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High Achiever Recognized

Certificate and Badge of Honour recipient. Brian Patrick (Pat) Randall

It is extremely rewarding knowing that we have had a positive effect on the lives of so many young people.

—Brian Patrick (Pat) Randall

Brian Patrick (Pat) Randall

Certificate and Badge of Honour

Mr. Brian Patrick (Pat) Randall is being awarded the Certificate and Badge of Honour for his dedication to the betterment of young people.

Having served as a Junior Achievement (JA) board member prior to living in Cayman, Pat has been able to combine his career in finance with his passion for helping local students and instilling in them the lessons he learned as a businessman.

Originally from the United Kingdom, Pat lived in Canada and the Bahamas before arriving in Grand Cayman in 1972 to work in offshore banking for five years. He and his family left thereafter, but returned in 1987 when they decided to make Cayman their home.

When Rotary Central decided to establish Junior Achievement in the Cayman Islands in 1991, he was invited to participate, primarily because of his earlier involvement as a JA leader overseas. He served as JA president for two years in the 1990s, and has again filled that role for the past three years.

When JA was incorporated as a local not-for-profit organization, Pat was appointed a director and secretary during the first year, and he has remained on the board since. His several roles include chairing the recruitment and training committee which works with adult advisors and participating youths.

In Cayman, JA caters to high school students and includes the economics for success aspect, providing exposure for younger teens. They too are guided by business professionals who visit schools to speak on topics such as career choices, budgeting and credit.

The JA initiatives directly impact the lives of some 700 local students each year and its programmes are recognized as enhancing the overall educational experience for the youngsters.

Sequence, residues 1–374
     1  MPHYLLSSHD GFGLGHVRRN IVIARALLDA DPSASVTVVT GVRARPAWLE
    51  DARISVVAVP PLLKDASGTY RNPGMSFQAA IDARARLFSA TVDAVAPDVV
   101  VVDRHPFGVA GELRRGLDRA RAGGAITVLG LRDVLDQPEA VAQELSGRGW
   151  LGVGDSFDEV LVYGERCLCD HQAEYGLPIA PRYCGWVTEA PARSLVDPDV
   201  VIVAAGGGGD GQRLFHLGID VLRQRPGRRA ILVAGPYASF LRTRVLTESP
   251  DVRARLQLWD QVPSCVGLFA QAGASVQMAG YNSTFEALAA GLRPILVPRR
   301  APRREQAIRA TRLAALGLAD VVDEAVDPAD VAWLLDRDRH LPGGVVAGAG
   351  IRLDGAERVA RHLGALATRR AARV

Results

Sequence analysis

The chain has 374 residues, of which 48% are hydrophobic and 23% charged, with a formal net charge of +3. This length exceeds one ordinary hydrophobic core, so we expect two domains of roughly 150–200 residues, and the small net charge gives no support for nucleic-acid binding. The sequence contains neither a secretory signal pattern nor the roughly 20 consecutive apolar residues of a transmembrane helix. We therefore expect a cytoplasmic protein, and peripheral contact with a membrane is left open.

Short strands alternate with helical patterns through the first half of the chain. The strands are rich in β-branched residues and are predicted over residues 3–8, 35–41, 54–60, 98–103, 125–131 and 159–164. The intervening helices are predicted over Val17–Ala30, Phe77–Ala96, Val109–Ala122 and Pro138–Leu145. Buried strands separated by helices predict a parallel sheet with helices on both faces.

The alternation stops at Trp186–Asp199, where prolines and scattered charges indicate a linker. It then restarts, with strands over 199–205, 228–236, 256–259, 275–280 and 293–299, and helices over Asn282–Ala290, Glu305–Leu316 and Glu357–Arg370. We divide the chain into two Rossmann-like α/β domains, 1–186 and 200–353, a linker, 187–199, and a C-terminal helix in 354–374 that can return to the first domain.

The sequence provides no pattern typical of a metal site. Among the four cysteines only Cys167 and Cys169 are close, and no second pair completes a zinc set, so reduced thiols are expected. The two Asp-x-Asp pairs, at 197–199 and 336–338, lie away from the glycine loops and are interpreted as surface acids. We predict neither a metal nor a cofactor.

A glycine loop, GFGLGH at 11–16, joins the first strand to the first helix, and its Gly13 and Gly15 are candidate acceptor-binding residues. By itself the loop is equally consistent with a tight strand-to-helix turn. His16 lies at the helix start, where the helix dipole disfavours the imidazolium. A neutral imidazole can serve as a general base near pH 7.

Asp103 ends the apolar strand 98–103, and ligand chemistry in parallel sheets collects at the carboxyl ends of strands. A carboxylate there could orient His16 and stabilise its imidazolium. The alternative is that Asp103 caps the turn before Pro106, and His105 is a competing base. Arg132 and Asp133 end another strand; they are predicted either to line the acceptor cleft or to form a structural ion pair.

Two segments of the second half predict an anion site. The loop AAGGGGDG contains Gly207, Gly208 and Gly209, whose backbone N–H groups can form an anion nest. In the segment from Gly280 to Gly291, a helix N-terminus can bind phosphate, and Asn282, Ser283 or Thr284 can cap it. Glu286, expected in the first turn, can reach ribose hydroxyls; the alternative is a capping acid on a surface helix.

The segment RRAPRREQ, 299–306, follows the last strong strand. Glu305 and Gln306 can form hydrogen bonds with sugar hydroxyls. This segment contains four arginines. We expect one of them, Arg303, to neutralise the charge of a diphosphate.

Assisted by adult advisors, students incorporate companies, sell shares to raise initial capital, elect officers and decide upon products. They meet weekly to manufacture and sell their products, and they earn nominal wages and dividends. After 18 weeks they liquidate the companies and profits generated go into JA.

Most importantly during the process, students learn the basics of managing a business. They also benefit from the leadership experience and the teamwork, both of which help to prepare them for higher education and the workforce.

Looking back at his years with JA, Pat says he is proud of the early members who have taken their places in society in careers ranging from accounting and law, to aviation and engineering.

For some, the wheel has turned full circle and they now contribute to the JA experience themselves.

"It is extremely rewarding knowing that we have had a positive effect on the lives of so many young people," Pat says. "I have especially enjoyed meeting so many students with great potential, and it's good to know that JA has such a positive influence on them."

Encouraging other people to get involved, he concludes, "To run this programme we need many adult advisors. Its success has depended on the countless volunteers who assisted over the years."

Pat's other interests include his grandchildren, reading and sport. His most significant contribution to local sports occurred in 1995 when Cayman hosted the CARIFTA Games. He qualified as a level-four track and field judge and adjudicated some events.

(GIS)

For further information contact: Wosila Rochester